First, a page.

I still recall the day. It seems more like fifteen years ago. Time warps the older I get.
He is “Still the One”:
I want to talk to in bed
Who turns my head
Makes me smile
I dream about
That makes me laugh
That’s my better half
Still having fun…and “he’s” still the one
Did you enjoy the flashback to the 70s? They don’t write songs like they used to do it. Thus, those 80s retro hits are becoming fodder for the ears of teenagers everywhere.
But I digress…
For our anniversary, we stayed at the Hilton in Anaheim (where he attended some Geek Man conference all week) and toured the local attractions. I was all about visiting Harry Potter World, but Disney offers a fair share of entertainment,too.
My big plan was new rings.
If you recall, I got a new ring in the Caribbean two years ago. But the mister has been wearing the same band for…you guessed it…thirty years.
I wanted him to get something new. Preferably something with blue diamonds so it “matched” mine.
What do you think?
I also wanted him to buy me a second wedding band so the solitaire would be hugged by the blue and white diamond sparkle. You’d think getting something from a company called Diamonds International would be a simple thing.
Or not. I’ll let you know how that turns out. If it turns out. There was a lot of email tag and some phone tag.
Ring or no ring. Anniversary trip or home bound. In the end, I’m happy to be stuck with this guy for the rest of my life.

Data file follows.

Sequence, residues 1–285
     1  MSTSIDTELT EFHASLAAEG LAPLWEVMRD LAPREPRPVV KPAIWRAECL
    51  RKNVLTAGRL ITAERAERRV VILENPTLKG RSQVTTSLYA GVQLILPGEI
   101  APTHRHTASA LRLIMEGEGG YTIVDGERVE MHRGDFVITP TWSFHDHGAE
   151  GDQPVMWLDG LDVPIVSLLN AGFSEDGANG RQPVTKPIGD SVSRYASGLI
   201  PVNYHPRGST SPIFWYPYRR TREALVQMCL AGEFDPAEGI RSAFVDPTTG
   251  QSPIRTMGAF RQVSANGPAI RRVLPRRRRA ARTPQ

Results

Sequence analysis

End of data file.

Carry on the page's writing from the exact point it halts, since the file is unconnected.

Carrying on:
People are happy to give us their opinions, aren’t they? Even when we don’t ask. But, why do we ask? Does what they think really matter in the long-term scope of life?
So, you’ve probably already been judging me for buying a diamond in the Caribbean. Or maybe for not bringing you back something nice, too.
Which means it’s time to finish telling on myself. When you left me on Monday, I was walking into the den of diamonds. Completely oblivious to what was about to happen.
A Diamond in any other Color
I mentioned how wedding rings traditionally have diamonds. And these are clear diamonds. The more colorless the better.
I have to say, I’ve swerved from the traditional path. (People have something to say about that, too, I’m sure.)
While we listened to the shopping expert give her spiel, Mr. Wonderful was jotting down notes on watches (THAT’S a whole different story). Me, I was gaping at the rainbow of colors.
Chocolate. Pink. Blue. Black. Diamonds – but with color. (Because we all know clear is not a color.)
And I’d become a little infatuated with blue diamonds. Not that the pink weren’t sparkly or the black wouldn’t go with any outfit. But there’s something about blue. *sighs*
Little did I suspect as I trod into the den of diamonds to pick up my free charm bracelet and charms that this store would host a gaggle of the brilliant blue babies.